With just a day to go before voting, the three candidates are essentially in a statistical four-way tie with Massachusetts Senator John Kerry. The most recent poll shows him on 24 points, having opened up a five-point lead over Mr Dean and Mr Gephardt on 19 and Mr Edwards on 17 per cent. Anything could happen.
The details of the horribly complicated Iowa caucuses, where participants literally vote with their feet by gathering in various groups at caucus meetings across the state, are enough to confuse and put off all but the most obsessive aficionado of American politics.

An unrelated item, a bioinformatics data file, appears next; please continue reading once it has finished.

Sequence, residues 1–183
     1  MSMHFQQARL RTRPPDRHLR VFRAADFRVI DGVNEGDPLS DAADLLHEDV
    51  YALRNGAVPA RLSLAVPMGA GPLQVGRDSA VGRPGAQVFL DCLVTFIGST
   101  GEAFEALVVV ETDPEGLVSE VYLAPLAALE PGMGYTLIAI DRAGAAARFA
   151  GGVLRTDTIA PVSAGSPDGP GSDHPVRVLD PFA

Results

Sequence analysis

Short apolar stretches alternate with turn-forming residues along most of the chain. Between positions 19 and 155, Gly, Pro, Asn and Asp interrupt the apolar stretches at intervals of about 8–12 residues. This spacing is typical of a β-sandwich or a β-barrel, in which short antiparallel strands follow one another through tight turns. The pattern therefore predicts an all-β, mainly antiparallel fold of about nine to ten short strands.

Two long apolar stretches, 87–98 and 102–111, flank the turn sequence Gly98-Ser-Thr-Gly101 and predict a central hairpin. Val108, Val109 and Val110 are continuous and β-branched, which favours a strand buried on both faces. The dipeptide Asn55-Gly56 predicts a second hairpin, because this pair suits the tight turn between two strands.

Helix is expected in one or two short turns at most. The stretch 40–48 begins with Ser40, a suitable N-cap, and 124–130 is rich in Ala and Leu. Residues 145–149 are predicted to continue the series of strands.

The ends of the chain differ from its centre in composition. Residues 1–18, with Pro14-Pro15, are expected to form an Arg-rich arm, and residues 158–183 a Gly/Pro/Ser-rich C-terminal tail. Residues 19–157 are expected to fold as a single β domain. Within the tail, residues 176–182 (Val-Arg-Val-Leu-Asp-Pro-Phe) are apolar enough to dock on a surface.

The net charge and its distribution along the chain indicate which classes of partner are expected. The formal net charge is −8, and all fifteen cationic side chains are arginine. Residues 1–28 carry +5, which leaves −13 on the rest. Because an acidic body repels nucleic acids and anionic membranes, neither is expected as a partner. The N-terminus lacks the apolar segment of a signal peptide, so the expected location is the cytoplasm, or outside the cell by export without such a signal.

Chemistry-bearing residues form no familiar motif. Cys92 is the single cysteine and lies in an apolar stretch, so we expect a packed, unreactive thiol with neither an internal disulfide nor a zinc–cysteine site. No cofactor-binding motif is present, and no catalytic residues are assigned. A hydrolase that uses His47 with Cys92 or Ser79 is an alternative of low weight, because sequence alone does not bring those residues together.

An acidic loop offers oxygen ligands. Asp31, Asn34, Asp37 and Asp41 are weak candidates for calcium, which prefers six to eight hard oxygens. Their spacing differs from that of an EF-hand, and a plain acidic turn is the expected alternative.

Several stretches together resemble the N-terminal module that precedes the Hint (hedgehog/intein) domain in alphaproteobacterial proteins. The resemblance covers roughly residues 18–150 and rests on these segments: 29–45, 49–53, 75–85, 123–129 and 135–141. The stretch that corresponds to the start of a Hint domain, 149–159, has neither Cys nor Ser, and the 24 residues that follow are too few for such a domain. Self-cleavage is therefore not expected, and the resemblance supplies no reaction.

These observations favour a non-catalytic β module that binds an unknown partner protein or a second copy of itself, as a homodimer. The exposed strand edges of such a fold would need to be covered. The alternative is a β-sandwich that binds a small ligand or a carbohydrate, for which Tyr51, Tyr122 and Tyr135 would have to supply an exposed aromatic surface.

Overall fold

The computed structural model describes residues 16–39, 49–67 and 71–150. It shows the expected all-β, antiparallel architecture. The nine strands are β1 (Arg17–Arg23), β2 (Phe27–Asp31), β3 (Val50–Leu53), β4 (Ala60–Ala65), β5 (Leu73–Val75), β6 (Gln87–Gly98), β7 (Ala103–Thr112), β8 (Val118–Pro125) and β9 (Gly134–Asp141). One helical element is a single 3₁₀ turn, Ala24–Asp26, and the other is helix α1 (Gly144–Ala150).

But the caucuses and the primary polls in the other states that follow are best viewed with the broadest possible perspective. From the point of view of the Democrats, this is the start of a process to decide who will challenge the most polarising American President of recent years, whose neo-conservative-influenced policies and unilateral approach have stepped beyond the mainstream of political consensus.
Most national polls show the country evenly split between Democrats and Republicans each on 47 per cent, with the remainder of the public undecided. But the numbers fail to show the intensity of feeling aroused by Mr Bush, who - depending on one's point of view - is either tough, principled and determined, or corrupt, arrogant and stupid. It really is the case that people either love him or loathe him.